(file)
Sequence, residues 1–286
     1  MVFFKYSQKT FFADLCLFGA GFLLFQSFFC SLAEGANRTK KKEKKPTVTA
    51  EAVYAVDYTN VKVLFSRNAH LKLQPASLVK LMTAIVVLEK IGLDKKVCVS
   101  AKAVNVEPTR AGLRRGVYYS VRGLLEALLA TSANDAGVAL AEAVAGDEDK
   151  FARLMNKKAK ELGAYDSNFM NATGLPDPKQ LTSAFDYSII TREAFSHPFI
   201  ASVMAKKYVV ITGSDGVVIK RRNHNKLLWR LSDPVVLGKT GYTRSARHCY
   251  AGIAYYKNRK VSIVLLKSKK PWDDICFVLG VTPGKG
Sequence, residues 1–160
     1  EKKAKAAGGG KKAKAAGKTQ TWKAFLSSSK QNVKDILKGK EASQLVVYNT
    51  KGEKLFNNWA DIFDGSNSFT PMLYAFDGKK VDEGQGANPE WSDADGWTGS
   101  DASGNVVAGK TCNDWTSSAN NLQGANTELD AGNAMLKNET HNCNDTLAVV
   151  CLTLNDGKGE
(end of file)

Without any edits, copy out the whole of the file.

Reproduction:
Sequence, residues 1–286
     1  MVFFKYSQKT FFADLCLFGA GFLLFQSFFC SLAEGANRTK KKEKKPTVTA
    51  EAVYAVDYTN VKVLFSRNAH LKLQPASLVK LMTAIVVLEK IGLDKKVCVS
   101  AKAVNVEPTR AGLRRGVYYS VRGLLEALLA TSANDAGVAL AEAVAGDEDK
   151  FARLMNKKAK ELGAYDSNFM NATGLPDPKQ LTSAFDYSII TREAFSHPFI
   201  ASVMAKKYVV ITGSDGVVIK RRNHNKLLWR LSDPVVLGKT GYTRSARHCY
   251  AGIAYYKNRK VSIVLLKSKK PWDDICFVLG VTPGKG
Sequence, residues 1–160
     1  EKKAKAAGGG KKAKAAGKTQ TWKAFLSSSK QNVKDILKGK EASQLVVYNT
    51  KGEKLFNNWA DIFDGSNSFT PMLYAFDGKK VDEGQGANPE WSDADGWTGS
   101  DASGNVVAGK TCNDWTSSAN NLQGANTELD AGNAMLKNET HNCNDTLAVV
   151  CLTLNDGKGE